I also don't see what the point of spending a lot of your review comparing it to "We All Loved Each Other So Much." Yes that's a wonderful film but as you said, it had a lot of similar scenes to this film and yet you seem to gloss over the fact that this probably means it stole those scenes from "A Difficult Life." Or it could mean that in fact those kinds of things actually happened in that period in Italy. Either way, these are two different films dealing with similar periods in Italy but that's kind of where the similarity ends. I feel like if you're reviewing a movie you should stick to that movie's attributes instead of discussing how you liked another movie more. To make a comparison to films you know a lot about; there's an awful lot of similarity in the masala movies of the 70s (even down to using the same actors over and over), but that doesn't mean they don't all have value in their own way.
Instead of focusing on the satirical nature of the film, it seems like you got bogged down in Silvio's bad behavior as though anyone would really behave like this in real life and not have his ass kicked repeatedly. This is why this film is a classic of Commedia all'italiana. Dino Risi has said that none of the things in this film are meant to be taken seriously. Everything was exaggerated for comedic effect. Getting irritated by Silvio's behavior is like hating Steve Martin for acting like such a jerk in "The Jerk." That's what's funny about it!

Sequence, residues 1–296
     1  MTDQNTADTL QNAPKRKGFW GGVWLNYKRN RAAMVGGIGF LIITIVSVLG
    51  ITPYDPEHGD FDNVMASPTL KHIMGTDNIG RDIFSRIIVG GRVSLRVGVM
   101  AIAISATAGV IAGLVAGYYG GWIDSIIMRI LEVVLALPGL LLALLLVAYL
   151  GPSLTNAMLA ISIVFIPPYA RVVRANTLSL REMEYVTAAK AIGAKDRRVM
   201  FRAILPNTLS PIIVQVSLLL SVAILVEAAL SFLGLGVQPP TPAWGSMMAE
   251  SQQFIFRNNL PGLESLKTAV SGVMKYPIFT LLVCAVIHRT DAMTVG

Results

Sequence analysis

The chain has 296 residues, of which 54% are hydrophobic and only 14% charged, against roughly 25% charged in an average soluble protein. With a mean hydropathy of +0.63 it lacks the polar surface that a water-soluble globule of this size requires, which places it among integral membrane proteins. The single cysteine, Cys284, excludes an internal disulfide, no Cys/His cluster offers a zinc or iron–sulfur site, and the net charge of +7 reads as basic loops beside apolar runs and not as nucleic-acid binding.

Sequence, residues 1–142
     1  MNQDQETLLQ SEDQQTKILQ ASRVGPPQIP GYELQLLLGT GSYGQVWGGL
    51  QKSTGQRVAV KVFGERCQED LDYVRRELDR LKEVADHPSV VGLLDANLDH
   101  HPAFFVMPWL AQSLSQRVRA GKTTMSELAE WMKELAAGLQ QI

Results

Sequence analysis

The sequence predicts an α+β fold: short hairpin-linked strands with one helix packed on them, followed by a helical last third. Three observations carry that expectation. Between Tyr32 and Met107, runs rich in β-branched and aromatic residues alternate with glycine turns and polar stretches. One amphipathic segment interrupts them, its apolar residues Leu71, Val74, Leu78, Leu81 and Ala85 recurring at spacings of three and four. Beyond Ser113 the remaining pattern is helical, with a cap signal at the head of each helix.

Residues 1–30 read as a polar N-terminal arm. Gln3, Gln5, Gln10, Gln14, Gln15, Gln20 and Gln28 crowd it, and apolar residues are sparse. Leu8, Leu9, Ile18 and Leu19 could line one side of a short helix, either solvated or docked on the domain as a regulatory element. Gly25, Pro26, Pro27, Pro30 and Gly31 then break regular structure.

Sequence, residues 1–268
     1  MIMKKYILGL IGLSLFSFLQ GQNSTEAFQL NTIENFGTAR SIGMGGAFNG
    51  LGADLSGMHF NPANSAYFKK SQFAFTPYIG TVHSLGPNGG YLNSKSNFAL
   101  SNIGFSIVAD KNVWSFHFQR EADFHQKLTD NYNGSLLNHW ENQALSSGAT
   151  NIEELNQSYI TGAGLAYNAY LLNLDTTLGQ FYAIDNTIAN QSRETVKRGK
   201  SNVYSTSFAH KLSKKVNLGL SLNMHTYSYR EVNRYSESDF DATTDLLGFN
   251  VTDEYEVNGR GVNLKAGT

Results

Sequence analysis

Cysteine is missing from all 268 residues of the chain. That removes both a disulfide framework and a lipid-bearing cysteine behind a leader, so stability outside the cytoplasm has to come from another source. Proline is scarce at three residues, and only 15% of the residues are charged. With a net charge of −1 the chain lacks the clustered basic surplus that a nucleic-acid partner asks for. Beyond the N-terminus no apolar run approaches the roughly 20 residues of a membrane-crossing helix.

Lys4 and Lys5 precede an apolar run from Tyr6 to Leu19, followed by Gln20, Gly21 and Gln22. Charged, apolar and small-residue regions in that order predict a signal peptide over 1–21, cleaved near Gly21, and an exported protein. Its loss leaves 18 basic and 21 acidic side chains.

The suggestion you made that selling out may actually enrich your life is made very clear in the film again and again and also what makes Silvio's actions so ridiculous. Of COURSE selling out will make your life better. Otherwise nobody would do it. Silvio keeps running across people who have nice cars and his protests against their selling out seem to get more halfhearted as the film goes on. Eventually, he realizes everything he could have had if he had compromised a bit. It's the scene when he's sitting with his son trying to explain why he didn't take the job the rich guy offered. The camera is tight on Alberto Sordi as he gets a look of utter sadness and loss on his face. It's the moment in the film when Silvio reaches a turning point.
I was surprised you mentioned none of these things in your review so I'm guessing maybe your experience with Italian neo-realism isn't that extensive or you just hated the movie so much you didn't watch as closely as you might have. To each his own. Your observation that the film was well-made as though this was the reason it's considered a classic is missing the point. Most of the Italian neo-realist films were well made because Cinecitta was a very well-funded studio that attracted famous actors and directors from all over the world. It was like the Bollywood of Europe during this period. Maybe read up on the film a bit more and go back and watch again. There is a lot you seem to have missed.